St Peter & St Paul
Victoria Road
Suffolk IP15 5DY



Aldeburgh parish church occupies the highest piece of land in this small East coast town. It faces towards the sea. For over a thousand years local people have worshipped here and also used their church for secular activities.

The oldest part of the current church is the tower with its external turret staircase, built in the 14th century. It was an important navigation landmark and was built to give early warning of attack by pirates. When the ships of these privateers were sighted, a warning bell (which can still be seen) was rung.

Entry to the church is through the west door, under the tower. This church is open during the day, and has a cheerful welcome notice.

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Architectural History
Before 1500 the church comprised just the tower and a nave then a massive programme of enlargement began. First north and south chapels were added which were later extended to form aisles. In 1524 the roof of the nave and the tower arch were raised, and in 1545 the chancel was added.
These extensions and the building of the south porch caused a problem, bringing the church to the very edge of its consecrated ground. The Holy Trinity Guild solved the problem by putting arches through the east and west walls of the porch to create a processional way.
All this happened at a time when Aldeburgh was a prosperous port and shipbuilding centre. Ship auctions were regularly held in the church nave.
Several times theatrical performances were held in the church. When the theatres on the south bank of London were closed, travelling bands of players such as the one William Shakespeare belonged to, would tour the provinces. In 1573 the Earl of Leicester’s Men played the church.
There are no theatrical artefacts in the church but there is a beautiful model of an old ship hanging from the roof.
The Elizabethan design has changed little but internally there is a pleasing mixture of old and new.
Looking Around
Many visitors come to Aldeburgh to admire artist John Piper’s glorious memorial window to Benjamin Britten. The glowing stained glass panels depict images from three of the composer’s church parables: The Prodigal Son, Curlew River, and The Burning Fiery Furnace. It sits in the north aisle, and gets enough light to fill the aisle with colour.
Taking pride of place in front of the window is the 1320 font, a survivor from the earlier church and the oldest item to be seen. You will notice that during the Puritan ‘clean up’ it was severely damaged.
The Puritan Purge
In the olden days everything in the church (including the font) would have been brightly painted and enriched with ecclesiastical symbols but the Puritans were on their way.
In 1643 an absolute act of vandalism took place. Thomas Johnson, a member of a local ship-building family and a one-time Master of the “Rainbow”, co-operated with William Dowsing in “…taking down 20 cherubim and 38 pictures”.
They also attacked the ancient font, hacking off the angels and shields with their swords and removing the paint. If you look carefully you can see the sword cuts and a few traces of remaining colour. However, on one side, possibly where they couldn’t reach, an angel and a complete shield are untouched.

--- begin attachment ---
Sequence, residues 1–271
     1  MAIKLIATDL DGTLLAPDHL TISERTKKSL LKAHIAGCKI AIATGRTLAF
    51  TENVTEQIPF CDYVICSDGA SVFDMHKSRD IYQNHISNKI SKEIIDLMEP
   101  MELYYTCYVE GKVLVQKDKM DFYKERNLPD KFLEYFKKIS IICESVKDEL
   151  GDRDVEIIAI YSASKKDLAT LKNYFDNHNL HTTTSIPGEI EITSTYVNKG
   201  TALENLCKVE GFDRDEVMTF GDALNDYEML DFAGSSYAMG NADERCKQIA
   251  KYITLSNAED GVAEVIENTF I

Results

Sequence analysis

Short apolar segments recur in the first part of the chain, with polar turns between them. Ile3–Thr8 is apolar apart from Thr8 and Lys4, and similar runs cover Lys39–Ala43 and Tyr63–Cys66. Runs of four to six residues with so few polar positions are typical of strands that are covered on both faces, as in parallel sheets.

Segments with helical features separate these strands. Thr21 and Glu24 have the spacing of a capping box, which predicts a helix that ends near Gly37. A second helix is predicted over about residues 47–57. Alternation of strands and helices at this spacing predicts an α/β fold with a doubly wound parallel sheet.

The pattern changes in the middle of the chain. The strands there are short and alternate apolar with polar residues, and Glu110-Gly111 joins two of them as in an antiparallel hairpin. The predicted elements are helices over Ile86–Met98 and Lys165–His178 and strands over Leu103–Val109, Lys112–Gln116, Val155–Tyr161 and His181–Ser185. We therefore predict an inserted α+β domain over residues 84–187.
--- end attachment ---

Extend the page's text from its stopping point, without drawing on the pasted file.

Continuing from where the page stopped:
Johnson was rewarded for his whole-hearted acceptance of Puritanism. He was made a leader in the Parliamentarian Army during the Civil Wars and is buried under the floor of the chancel.
Beautiful Wood Carving
The church is full of beautiful carving, much of it 19th century when the church was again enlarged and restored. However, the carved pulpit does date from 1625 although originally it would have had 3-decks. Two beautifully carved angels guard the entrance to the Sanctuary.
Two other lovely pieces of carving can be found facing each other on the choir stalls. On the left is a medieval dog and on the right is Samson, the musical church cat.
The church has many beautiful and restrained memorials. There are seven well preserved and interesting 16th and 17th century memorial brasses and a lovely marble bust of local 18th century poet, George Crabbe.
In the south aisle is the town’s unusual elegant and poignant war memorial. I can do no better than quote from Simon’s Suffolk Churches – “…the golden rays of the dying soldier's nimbus illuminating the inscription: …and everyone said to his brother be of good cheer.
The 1889 lifeboat disaster memorial in late Victorian copper work at the west end is much more flamboyant but tells an horrific tale of tragedy and bravery.
The Graveyard
The graveyard has a number of important people buried in it. Benjamin Britten and Peter Pears are buried side by side, their graves marked with identical black slate headstones simply carved with a name and dates. Behind them is the grave of musician and Festival Director, Imogen Holst, daughter of composer Gustav Holst.
Also buried in the church yard is Elizabeth Garrett Anderson, one of the Garretts who built the Snape Maltings complex as part of their industrial empire. She is famous for being the first woman doctor in England. Less well known is the fact that she was also the first ever female mayor in England (of Aldeburgh, of course.)
This parish church is full of the spirit of Aldeburgh not ancient aristocratic tombs. Its long association with music and the Arts is celebrated along with its local heroes - an enjoyable place to visit.
Visitors are always welcome to join in services, special events or to just look around. Visit the church’s excellent website to find times of services and musical events.
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Contact & Further Information
Google Maps - Aldeburgh